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Discussion Starter #1 (Edited)
http://www.washingtonpost.com/local...2bb7cc-96e4-11e4-8005-1924ede3e54a_story.html

http://www.npr.org/blogs/thetwo-way...illion-for-underreporting-deaths-and-injuries

Honda got fined an unprecedented $70 million dollars today, $35 million of which was for unreported Takata airbag deaths, but the other $35 million was for NOT REPORTING CONSUMER INJURIES, CONSUMER COMPLAINTS AND WARRANTY REPAIRS to the Transportation Safety Board. That is how they kept stats of problems so low. They did not even know they were being investigated. This article is in Reuters, the Chicago Tribune, and on TV news.

"The Justice Department can open a criminal investigation, as it did with Toyota, which can lead to billion-dollar fines," said Ditlow. "And that's an amount of money that's enough to make even the largest auto company sit-up."
 

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Saw that and posted a comment about it yesterday in the "future Ridgeline" thread. The more I learn about Honda, the more discouraged I become.
 

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I think the most disappointing part is that false sense of security, comfort, and trust that I and millions of others buyers have had in Honda. The leadership problems, attitudes, quality control issues, lagging development, and other issues that are becoming apparent show that Honda has as many or more problems than some other manufacturers. If they don't get a quick handle on this, then I might as well go back to GM.
 

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The back window spontaneously shattered without external cause on my '07. Honda refused to even look at it. My insurance ended up replacing it. I wrote and called Honda several times, but never received a single response. Literally. Nothing but the sound of crickets. I probably should have abandoned Honda back then.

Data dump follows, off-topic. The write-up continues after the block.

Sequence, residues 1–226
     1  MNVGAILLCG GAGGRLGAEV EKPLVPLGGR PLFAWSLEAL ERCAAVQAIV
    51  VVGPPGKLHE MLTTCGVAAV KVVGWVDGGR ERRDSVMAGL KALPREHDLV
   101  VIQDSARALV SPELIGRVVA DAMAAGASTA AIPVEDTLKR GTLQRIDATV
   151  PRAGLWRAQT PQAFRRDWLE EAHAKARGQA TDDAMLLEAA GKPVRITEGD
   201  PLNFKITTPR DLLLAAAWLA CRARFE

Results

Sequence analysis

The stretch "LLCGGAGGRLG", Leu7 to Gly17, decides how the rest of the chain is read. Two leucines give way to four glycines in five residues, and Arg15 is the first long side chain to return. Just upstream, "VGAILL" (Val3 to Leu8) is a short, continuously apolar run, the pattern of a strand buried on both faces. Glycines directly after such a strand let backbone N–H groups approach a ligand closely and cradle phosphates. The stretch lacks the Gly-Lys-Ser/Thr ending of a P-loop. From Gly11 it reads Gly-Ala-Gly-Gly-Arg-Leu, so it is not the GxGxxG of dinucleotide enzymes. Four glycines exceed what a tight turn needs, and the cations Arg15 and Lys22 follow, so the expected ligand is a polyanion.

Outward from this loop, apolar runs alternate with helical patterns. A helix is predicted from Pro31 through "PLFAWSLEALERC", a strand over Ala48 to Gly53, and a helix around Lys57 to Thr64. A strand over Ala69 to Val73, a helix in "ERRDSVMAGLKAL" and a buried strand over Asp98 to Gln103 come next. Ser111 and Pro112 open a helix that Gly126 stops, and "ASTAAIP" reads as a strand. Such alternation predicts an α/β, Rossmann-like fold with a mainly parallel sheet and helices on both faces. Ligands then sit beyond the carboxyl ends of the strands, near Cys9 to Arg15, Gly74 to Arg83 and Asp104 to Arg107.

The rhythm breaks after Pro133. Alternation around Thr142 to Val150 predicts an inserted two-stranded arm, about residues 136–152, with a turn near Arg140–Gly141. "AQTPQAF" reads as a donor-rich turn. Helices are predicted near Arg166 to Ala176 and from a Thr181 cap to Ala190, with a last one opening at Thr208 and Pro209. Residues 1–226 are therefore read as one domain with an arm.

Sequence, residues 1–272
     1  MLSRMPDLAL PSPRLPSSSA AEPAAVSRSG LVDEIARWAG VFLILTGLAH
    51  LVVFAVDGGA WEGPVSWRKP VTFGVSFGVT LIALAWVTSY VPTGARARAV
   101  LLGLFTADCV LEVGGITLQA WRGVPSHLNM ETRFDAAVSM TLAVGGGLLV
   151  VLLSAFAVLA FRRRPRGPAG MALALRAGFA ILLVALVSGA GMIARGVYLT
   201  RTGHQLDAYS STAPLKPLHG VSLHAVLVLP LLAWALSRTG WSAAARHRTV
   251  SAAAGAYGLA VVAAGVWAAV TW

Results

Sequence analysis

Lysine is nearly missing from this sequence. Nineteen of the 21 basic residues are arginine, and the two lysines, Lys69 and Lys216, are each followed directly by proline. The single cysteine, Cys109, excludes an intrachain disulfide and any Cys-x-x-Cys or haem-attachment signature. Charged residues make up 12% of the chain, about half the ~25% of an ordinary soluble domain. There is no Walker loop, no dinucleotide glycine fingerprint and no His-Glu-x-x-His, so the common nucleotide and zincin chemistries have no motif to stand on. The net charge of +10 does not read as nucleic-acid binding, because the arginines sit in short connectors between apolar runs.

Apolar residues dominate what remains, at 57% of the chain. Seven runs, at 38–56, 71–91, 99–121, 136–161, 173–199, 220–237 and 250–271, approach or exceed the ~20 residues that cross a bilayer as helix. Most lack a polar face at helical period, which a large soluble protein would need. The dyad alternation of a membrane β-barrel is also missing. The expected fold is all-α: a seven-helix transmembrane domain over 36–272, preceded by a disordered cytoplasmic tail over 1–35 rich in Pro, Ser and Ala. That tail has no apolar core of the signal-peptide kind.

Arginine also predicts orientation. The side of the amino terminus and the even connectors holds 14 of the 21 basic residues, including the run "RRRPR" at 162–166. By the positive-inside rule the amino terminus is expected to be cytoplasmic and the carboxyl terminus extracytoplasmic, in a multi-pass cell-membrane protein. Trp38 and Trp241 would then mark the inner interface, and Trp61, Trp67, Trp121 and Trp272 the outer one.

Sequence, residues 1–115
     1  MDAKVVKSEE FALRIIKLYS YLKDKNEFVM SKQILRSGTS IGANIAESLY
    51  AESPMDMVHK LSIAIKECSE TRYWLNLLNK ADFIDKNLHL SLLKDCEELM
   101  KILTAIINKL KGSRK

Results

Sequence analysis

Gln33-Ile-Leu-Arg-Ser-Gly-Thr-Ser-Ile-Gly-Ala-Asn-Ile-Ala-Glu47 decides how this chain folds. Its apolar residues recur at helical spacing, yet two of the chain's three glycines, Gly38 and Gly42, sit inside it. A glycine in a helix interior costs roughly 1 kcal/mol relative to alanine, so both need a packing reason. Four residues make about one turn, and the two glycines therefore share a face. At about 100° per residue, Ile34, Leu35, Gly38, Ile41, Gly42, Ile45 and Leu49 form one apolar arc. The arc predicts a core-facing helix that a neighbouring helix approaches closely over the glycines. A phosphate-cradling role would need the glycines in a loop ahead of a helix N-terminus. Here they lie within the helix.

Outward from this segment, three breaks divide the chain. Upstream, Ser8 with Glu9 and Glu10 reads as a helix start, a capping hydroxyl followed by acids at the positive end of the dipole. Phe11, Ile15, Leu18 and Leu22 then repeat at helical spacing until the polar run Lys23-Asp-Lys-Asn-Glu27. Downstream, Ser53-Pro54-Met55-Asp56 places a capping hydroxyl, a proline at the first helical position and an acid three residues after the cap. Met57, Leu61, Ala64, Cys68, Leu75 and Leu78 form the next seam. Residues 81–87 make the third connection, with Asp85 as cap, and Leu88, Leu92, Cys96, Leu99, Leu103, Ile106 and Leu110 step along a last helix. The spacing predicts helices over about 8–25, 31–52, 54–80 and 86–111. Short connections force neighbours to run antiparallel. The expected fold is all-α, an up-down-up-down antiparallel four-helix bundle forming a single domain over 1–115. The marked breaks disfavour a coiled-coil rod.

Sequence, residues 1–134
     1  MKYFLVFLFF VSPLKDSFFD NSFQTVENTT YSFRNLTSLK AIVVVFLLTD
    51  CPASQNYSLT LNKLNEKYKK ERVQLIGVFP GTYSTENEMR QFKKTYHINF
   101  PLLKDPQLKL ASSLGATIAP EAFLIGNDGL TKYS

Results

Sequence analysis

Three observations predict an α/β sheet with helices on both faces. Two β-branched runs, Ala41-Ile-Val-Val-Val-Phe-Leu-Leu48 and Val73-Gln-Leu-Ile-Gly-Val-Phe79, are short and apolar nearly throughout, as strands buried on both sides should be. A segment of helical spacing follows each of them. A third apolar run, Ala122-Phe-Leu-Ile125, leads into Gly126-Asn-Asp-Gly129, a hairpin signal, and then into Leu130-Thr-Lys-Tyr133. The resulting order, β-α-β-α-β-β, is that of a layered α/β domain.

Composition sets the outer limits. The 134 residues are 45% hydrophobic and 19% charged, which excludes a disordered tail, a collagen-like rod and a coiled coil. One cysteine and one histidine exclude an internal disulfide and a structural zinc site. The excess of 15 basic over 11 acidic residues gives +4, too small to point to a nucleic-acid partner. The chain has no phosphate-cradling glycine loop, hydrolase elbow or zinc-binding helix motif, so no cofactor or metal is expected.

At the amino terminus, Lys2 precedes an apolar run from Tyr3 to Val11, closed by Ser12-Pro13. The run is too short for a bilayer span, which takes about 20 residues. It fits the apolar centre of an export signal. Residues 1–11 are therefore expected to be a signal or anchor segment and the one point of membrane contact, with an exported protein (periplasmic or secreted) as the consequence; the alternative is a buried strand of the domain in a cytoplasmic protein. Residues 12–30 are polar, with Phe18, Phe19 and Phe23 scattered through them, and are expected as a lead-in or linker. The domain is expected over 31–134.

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I am glad they were fined for these things. I wonder whether the amount is sufficient to make it a good business practice for Honda, or anyone else, to try harder in the future. Hopefully there are at least one or two people somewhere high up who care about more than just the business side of things.
 

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From the WSJ article.

Honda, which blamed the underreporting on “inadvertent data entry or computer programming errors,” faced fines of $7,000 per day per violation, a maximum civil penalty of $35 million for failure to report the deaths and injuries. It was fined another $35 million for failing to report warranty claims to federal regulators.
Rosekind said the Department of Transportation would seek to have the maximum fine per violation increased to $300 million.


Oh those nasty programmers and data entry clerks. They must be at the root of all evil.
 

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Interesting article below..

http://blog.caranddriver.com/honda-...eaths-injuries-from-exploding-airbag-recalls/

Acura: 2002–2003 TL; 2002 CL; 2003–2006 MDX

Honda (approximately 5.4 million, including Acura): 2001–2007 Accord (four-cylinder); 2001–2002 Accord (V-6); 2001–2005 Civic; 2002–2006 CR-V; 2002–2004 Odyssey; 2003–2011 Element; 2003–2007 Pilot; 2006 Ridgeline

http://blog.caranddriver.com/massiv...now-including-full-list-of-affected-vehicles/

I have two vehicles in the recall.
 

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You can take it to the dealer. There are a number here who have already had the part(s) replaced. That said there is still a open question as to whether or not the parts being used to replace the defective ones have been reengineered in any significant way. Basically, other than being newer, are the replacement parts a real fix??
 
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